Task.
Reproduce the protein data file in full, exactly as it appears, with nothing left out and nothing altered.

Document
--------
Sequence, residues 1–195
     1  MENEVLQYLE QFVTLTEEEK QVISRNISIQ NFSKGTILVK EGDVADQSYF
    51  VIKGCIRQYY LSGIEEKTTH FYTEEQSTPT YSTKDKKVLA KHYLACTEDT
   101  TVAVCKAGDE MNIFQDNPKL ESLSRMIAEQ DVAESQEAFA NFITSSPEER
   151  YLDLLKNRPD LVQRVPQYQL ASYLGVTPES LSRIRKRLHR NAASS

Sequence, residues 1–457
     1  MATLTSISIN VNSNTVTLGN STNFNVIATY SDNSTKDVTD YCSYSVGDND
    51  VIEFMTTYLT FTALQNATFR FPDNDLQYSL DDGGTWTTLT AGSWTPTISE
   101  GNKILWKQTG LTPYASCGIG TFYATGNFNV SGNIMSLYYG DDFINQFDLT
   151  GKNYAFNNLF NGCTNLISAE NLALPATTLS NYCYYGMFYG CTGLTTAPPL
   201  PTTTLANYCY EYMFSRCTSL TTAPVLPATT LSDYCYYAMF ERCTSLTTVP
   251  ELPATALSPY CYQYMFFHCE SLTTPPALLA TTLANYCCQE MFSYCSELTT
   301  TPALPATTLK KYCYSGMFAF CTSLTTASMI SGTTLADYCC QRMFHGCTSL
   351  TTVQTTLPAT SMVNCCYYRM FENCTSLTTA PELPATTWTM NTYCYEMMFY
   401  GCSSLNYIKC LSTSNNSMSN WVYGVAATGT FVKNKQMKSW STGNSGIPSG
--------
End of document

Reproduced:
Sequence, residues 1–195
     1  MENEVLQYLE QFVTLTEEEK QVISRNISIQ NFSKGTILVK EGDVADQSYF
    51  VIKGCIRQYY LSGIEEKTTH FYTEEQSTPT YSTKDKKVLA KHYLACTEDT
   101  TVAVCKAGDE MNIFQDNPKL ESLSRMIAEQ DVAESQEAFA NFITSSPEER
   151  YLDLLKNRPD LVQRVPQYQL ASYLGVTPES LSRIRKRLHR NAASS

Sequence, residues 1–457
     1  MATLTSISIN VNSNTVTLGN STNFNVIATY SDNSTKDVTD YCSYSVGDND
    51  VIEFMTTYLT FTALQNATFR FPDNDLQYSL DDGGTWTTLT AGSWTPTISE
   101  GNKILWKQTG LTPYASCGIG TFYATGNFNV SGNIMSLYYG DDFINQFDLT
   151  GKNYAFNNLF NGCTNLISAE NLALPATTLS NYCYYGMFYG CTGLTTAPPL
   201  PTTTLANYCY EYMFSRCTSL TTAPVLPATT LSDYCYYAMF ERCTSLTTVP
   251  ELPATALSPY CYQYMFFHCE SLTTPPALLA TTLANYCCQE MFSYCSELTT
   301  TPALPATTLK KYCYSGMFAF CTSLTTASMI SGTTLADYCC QRMFHGCTSL
   351  TTVQTTLPAT SMVNCCYYRM FENCTSLTTA PELPATTWTM NTYCYEMMFY
   401  GCSSLNYIKC LSTSNNSMSN WVYGVAATGT FVKNKQMKSW STGNSGIPSG